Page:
Early human footprints in Saudi Arabia

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This area in the south-western part of the Nefud Desert was once a freshwater lake surrounded by grassland, making it a gathering place for animals and early humans. [Image: Klint Janulis]

A set of human footprints found in an ancient lake deposit in the south-west of the Nefud Desert is believed to represent the earliest securely dated evidence of modern humans in the Arabian Peninsula.

The footprints were discovered as part of the Palaeodeserts Project, which is examining climate change and human evolution in Saudi Arabia. It has so far identified 10,000 ancient lakes through satellite imagery. At the Alathar palaeolake, they found seven human footprints, as well as hundreds of animal tracks and fossils from the Middle Palaeolithic. These discoveries are discussed in a paper recently published in Science Advances (https://doi.org/10.1126/sciadv.aba8940).

OSL (optically stimulated luminescence) dating of the layers above and below the sediments containing the footprints determined that they were created in the last interglacial period, between roughly 112,000 and 121,000 years ago. They are believed to have been left by Homo sapiens, because modern humans are known to have been present in the Levant and Arabia at this time but Homo neanderthalensis were not. Analysis of the prints also indicated that the stature and mass of the individuals who created them were more in line with the morphology of late Pleistocene H. sapiens.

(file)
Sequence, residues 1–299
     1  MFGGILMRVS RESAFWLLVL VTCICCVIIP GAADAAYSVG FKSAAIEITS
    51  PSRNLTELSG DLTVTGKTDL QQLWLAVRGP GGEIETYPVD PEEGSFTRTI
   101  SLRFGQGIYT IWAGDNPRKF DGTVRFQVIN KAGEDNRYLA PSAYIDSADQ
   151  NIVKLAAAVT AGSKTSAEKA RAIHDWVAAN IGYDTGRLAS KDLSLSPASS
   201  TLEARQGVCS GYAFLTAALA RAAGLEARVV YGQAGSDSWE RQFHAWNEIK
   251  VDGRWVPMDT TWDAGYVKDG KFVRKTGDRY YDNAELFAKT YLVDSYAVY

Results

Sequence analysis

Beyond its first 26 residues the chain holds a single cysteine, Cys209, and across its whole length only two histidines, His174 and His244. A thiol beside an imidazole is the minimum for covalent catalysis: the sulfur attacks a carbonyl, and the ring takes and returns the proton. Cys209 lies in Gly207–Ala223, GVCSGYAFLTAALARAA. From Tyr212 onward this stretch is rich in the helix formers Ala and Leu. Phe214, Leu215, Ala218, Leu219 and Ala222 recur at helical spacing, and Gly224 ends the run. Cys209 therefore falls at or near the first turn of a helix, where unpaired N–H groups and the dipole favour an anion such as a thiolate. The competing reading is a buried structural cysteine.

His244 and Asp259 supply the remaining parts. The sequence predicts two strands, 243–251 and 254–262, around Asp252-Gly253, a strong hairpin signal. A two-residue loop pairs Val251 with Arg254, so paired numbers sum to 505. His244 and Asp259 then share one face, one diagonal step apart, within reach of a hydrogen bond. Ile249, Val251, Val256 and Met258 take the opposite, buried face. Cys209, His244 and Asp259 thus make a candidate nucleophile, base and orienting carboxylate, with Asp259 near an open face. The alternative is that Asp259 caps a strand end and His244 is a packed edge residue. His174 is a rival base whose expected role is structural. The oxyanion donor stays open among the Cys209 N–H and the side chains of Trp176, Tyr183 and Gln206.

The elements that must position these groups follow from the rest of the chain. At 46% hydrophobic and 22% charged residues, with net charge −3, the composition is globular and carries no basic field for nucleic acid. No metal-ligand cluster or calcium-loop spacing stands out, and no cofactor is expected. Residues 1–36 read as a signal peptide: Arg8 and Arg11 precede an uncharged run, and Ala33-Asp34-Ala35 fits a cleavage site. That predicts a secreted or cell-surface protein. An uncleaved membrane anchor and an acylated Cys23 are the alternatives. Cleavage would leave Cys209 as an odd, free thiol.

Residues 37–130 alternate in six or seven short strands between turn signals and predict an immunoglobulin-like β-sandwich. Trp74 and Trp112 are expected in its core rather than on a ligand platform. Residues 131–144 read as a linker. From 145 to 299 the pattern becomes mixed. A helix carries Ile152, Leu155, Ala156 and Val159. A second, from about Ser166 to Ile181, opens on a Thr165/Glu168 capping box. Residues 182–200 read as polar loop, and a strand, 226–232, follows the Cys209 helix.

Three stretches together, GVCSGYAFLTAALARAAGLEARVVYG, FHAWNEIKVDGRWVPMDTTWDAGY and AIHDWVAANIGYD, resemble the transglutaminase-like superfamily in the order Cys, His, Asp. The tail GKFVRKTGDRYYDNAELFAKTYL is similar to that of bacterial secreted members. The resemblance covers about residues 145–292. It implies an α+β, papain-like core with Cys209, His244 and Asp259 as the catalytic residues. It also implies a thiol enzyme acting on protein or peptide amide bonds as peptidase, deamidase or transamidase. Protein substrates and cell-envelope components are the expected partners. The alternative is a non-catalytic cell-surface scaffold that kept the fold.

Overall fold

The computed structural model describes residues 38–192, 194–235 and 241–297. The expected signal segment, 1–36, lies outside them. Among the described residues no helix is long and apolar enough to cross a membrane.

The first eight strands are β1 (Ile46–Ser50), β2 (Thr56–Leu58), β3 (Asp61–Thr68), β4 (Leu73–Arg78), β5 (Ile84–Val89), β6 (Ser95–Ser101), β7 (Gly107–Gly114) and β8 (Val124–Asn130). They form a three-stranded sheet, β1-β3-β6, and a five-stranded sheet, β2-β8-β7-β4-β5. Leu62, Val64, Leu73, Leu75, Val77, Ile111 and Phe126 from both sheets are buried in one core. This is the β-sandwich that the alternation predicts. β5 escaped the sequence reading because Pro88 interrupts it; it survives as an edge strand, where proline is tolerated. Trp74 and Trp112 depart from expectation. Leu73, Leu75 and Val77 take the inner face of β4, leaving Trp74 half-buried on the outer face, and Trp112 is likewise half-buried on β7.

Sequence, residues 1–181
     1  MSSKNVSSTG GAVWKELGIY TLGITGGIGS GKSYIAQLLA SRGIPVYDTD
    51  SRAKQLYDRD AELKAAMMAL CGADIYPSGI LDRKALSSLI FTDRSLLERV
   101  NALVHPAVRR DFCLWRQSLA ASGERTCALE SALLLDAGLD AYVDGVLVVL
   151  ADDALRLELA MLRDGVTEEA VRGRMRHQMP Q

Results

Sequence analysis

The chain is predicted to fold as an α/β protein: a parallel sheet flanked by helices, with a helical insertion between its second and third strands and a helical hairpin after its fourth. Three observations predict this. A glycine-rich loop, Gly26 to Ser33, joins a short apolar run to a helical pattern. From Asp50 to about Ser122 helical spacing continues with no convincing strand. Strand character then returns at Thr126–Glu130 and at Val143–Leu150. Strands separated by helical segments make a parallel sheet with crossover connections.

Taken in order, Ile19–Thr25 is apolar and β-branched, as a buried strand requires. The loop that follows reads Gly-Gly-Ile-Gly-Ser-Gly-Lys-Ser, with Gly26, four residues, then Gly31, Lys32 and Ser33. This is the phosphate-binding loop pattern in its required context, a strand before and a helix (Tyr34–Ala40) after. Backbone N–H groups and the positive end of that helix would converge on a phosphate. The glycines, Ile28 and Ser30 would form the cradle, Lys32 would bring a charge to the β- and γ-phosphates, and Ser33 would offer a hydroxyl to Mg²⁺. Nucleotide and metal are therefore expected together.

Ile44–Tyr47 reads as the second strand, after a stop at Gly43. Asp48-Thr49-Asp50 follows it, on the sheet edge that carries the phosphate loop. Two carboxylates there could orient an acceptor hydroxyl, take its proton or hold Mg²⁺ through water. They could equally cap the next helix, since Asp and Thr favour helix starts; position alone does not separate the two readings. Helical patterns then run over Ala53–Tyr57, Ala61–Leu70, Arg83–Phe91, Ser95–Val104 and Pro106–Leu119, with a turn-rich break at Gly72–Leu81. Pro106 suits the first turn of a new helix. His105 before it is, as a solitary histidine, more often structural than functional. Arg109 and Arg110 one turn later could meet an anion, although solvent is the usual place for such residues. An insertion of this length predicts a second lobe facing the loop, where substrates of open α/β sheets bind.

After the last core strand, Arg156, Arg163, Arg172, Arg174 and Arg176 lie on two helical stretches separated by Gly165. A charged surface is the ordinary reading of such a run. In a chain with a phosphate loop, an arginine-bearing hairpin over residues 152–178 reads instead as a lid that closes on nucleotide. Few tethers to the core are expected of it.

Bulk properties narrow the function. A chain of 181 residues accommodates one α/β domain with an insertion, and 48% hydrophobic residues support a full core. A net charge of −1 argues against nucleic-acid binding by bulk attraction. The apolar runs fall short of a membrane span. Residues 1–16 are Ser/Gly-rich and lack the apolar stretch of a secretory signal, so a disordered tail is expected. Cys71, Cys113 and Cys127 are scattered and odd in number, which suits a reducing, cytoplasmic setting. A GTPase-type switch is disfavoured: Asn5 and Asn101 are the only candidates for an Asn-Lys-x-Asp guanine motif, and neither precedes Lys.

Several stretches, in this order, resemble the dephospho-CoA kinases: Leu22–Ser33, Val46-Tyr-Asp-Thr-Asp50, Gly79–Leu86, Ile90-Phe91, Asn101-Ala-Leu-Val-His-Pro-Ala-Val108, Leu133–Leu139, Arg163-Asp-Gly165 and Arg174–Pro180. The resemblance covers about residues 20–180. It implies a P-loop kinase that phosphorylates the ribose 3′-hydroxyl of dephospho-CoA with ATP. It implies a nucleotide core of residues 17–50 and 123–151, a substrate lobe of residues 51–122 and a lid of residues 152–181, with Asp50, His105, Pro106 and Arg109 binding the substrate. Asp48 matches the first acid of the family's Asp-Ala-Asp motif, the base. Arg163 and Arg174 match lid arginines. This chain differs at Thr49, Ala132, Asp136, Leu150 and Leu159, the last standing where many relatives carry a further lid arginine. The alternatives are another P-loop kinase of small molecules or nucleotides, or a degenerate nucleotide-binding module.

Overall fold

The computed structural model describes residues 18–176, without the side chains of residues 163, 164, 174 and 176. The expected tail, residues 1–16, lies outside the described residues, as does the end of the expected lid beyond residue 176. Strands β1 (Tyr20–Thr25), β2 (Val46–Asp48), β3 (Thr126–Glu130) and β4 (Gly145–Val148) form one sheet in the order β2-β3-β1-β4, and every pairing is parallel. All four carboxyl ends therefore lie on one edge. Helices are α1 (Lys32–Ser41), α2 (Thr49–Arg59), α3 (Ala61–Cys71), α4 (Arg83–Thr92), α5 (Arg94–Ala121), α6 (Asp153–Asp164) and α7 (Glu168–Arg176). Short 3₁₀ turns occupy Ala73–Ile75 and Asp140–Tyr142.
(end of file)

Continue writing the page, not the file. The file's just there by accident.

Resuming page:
The seven footprints are believed to have been made by two, or possibly three, individuals. The footprints are oriented in different directions around the lake bed, suggesting that they were carrying out activities such as drinking and foraging, rather than simply walking across it.

The footprints and fossils of other large mammals, including elephants, equids, and bovids, were also found. The palaeoecological data show that the surrounding landscape would have been a semi-arid grassland at the time, making the lake an important gathering place for animals and humans alike.

As there is no archaeological evidence of butchery on animal bones found at the site and no stone tools were present, it is thought that it was not the location of a human camp, but rather a brief stop to take advantage of the resources around the lake. The footprints these individuals left behind offer a remarkable snapshot of that day around 120,000 years ago, as well as filling in an important gap in the story of early human presence in the area.

This article appeared in issue 104 of Current World ArchaeologyClick here for more information about subscribing to the magazine.

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